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City Guide
Some Quick Lowell Basics

I’d like to wow you with more interesting historic tidbits, like that Lowell was the first U.S. city to have phone numbers, or that it’s the birthplace of Jack Kerouac, but that isn’t terribly useful information for someone who’s looking to relocate. Instead, here are some things that may be more of interest to you.

The Atmosphere: Historic architecture is something you’ll find a lot of here. Many old buildings, houses, and factories dating back to the early 1900s are still standing today and many have been converted into small businesses, offices, or apartments. The city also lies at the converging point of two rivers, allowing for bridges, canals, and nice riverside views.

The Transit: Since Lowell is often considered a suburb of Boston, it stands to reason that many commuters live there. The Massachusetts Bay Transit Authority operates the Lowell Line between Lowell and downtown Boston. In addition, Lowell has its own regional bus system around the city and surrounding cities, as well as free streetcar shuttles between areas of interest downtown.

Apartment Hunting in Lowell

Here’s the part you’ve been waiting for. You’re lucky to be looking in a place where over half the population rents, so there will be many options to choose from. Trends in pricing and quality become apparent as you look at places, but how do you even get started? While it’s easy to hire a broker, it can often be a pricey option and is best avoided unless absolutely necessary. Locals recommend Lowell’s free monthly apartment guides, as well as Internet resources, to be your best bet for hunting.

Prices: One of the city’s biggest draws is its low housing prices, compared to Boston and surrounding cities. Depending on type and quality, a standard two bedroom apartment can be anywhere in the low 1000s per month, while smaller places, like studio apartments, can generally get down to 600 or 700 a month.

Types: Apartments are much more common than rental homes or houses, so expect to find a lot of medium-sized complexes and many older houses that have been converted into 2 to 4-flat buildings and condos. These all come with standard kitchen appliances and usually have building laundry facilities or in-unit laundry. Decks, yards, and balconies are not uncommon, especially in pricier places.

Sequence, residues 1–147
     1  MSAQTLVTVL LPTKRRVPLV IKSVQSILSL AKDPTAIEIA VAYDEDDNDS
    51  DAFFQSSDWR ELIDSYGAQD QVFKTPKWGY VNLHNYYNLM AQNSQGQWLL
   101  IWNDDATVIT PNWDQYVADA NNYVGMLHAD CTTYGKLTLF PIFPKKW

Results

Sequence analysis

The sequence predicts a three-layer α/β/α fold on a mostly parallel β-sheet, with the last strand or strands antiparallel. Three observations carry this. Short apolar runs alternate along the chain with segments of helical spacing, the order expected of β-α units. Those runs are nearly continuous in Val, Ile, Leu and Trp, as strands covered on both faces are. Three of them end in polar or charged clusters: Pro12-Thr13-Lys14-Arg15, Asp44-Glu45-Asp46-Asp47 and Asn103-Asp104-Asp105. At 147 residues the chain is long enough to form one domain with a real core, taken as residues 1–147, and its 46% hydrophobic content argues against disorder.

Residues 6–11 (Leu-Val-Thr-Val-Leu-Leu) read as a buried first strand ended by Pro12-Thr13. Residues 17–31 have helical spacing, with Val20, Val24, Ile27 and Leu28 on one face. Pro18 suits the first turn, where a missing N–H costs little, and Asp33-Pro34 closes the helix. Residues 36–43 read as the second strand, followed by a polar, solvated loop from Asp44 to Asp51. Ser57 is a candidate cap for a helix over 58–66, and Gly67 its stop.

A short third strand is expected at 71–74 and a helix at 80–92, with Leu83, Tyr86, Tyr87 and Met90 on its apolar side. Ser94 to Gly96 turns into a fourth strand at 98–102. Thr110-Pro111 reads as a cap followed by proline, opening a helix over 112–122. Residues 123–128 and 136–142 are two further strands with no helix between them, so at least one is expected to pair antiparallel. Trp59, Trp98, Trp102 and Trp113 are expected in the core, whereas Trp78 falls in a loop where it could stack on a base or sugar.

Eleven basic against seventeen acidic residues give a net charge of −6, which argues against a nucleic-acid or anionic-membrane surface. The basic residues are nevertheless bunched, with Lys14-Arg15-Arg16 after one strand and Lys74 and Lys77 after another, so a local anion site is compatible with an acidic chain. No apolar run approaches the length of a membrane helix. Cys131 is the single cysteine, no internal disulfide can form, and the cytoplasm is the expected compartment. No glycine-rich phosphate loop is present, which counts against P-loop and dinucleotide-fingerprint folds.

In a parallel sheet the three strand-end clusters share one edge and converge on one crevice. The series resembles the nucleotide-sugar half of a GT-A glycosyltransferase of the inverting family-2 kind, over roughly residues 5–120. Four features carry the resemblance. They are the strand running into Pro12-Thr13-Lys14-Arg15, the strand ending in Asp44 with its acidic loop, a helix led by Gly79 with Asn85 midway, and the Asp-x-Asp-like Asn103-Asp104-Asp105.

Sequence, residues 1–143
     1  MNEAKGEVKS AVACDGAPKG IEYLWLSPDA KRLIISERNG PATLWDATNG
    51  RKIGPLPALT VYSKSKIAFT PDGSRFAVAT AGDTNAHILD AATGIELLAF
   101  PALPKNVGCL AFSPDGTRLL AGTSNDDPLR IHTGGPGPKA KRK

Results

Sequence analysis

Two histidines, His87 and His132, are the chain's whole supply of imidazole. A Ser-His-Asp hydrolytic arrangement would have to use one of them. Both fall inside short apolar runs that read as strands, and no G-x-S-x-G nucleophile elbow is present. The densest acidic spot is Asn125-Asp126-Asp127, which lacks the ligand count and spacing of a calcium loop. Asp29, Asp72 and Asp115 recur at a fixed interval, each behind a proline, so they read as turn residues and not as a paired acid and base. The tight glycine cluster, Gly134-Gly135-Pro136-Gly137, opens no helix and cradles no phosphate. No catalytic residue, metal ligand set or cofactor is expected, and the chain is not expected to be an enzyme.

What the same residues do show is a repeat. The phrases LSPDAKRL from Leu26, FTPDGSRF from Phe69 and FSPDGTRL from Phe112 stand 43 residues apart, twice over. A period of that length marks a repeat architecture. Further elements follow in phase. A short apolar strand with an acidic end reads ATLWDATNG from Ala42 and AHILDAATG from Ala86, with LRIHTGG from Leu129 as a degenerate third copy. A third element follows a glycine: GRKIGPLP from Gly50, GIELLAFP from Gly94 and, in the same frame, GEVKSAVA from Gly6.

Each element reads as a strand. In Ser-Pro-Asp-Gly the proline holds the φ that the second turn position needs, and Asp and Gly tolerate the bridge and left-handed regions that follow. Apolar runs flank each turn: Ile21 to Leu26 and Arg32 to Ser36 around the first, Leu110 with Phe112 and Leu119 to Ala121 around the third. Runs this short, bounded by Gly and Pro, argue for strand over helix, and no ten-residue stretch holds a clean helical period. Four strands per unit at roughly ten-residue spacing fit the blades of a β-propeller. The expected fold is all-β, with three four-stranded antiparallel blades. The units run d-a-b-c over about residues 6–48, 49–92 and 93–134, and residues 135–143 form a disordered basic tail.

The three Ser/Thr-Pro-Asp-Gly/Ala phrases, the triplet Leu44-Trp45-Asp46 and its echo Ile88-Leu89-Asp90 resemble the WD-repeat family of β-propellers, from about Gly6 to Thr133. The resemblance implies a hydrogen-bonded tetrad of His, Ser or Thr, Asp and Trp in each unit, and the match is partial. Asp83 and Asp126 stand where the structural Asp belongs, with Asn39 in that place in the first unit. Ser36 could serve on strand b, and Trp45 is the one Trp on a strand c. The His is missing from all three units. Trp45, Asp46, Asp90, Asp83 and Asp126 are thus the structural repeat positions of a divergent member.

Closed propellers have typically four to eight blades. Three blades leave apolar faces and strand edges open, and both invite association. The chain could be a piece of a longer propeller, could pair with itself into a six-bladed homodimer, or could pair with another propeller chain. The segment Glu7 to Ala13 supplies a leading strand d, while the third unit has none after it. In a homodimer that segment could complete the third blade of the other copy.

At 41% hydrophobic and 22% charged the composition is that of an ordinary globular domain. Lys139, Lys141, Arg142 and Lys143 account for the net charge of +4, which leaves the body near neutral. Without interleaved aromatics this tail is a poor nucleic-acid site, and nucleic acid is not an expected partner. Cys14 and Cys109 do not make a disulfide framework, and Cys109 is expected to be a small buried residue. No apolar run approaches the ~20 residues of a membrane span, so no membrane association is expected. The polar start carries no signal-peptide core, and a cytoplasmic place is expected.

Utilities and Fees: Finding a utilities-included apartment in Lowell is not unheard of, but may require some deeper searching. You’re most likely to find heat or gas (for heat, hot water, and stove) included, if anything, and that’s often because the apartment is an older one with landlord-controlled radiator heating.

Neighborhoods in Lowell

Lowell has eight official neighborhoods within city limits. Here’s a brief overview of each one’s character, general feel, and housing.

Downtown: Lowell was one of the fist planned industrial towns, and downtown was at its center with textile factories, warehouses, and canals for shipping materials. Now that all that’s long gone, the downtown area is a historic district and the city’s cultural center. Some things you’ll find here: luxury loft apartments, historic houses, local shopping, cultural events and festivals. This area is easily walkable and near the train station.

The Highlands: On the southwest side of the city lies its largest residential neighborhood. The Highlands is commonly split into the Upper and Lower Highlands. The Highlands has a very suburban feeling to it. Winding streets lined with single-family homes take up the majority of the area, with the occasional park or shopping plaza. Expect to find more spacious apartments, rental homes and some town houses here.

Centralville: Centralville lies across the river on the northeast side. It’s another residential area with old vintage houses. The available apartments are mostly 2 to 4-flat buildings and small complexes.

Back Central/South End: Just south of downtown lies the Back Central/South End neighborhood, one of the city’s first residential areas. There’s more of an urban feel here, with lots of historic architecture and vintage residences, as well as older and larger apartment complexes. The train station is close by for commuters.

Belvidere: Historically a more desirable neighborhood, east of downtown. Belvidere is known for its architecture and large, Victorian houses, some of which are now converted into apartments.

South Lowell: Anotherresidential area of the city a little further from downtown. A little sparser, a little woodsier, but still plentiful with apartment complexes, both large and small, as well as some rental homes.

Pawtucketville: A very large area northwest of downtown, across the river. Pawtucketville contains a tightly packed area of neighborhoods on the south, with the Lowell-Dracut-Tyngsboro State Forest to the north. Many different types of apartments available here.

The Acre: This is neighborhood close to the downtown area. Has smaller buildings of two or three apartments each.

Lowell has been a great many things over the years, and is widely known for its history and culture, as well as its proximity to Boston. Now that you’ve got the down-low on Lowell, it’s time to get down and check it out!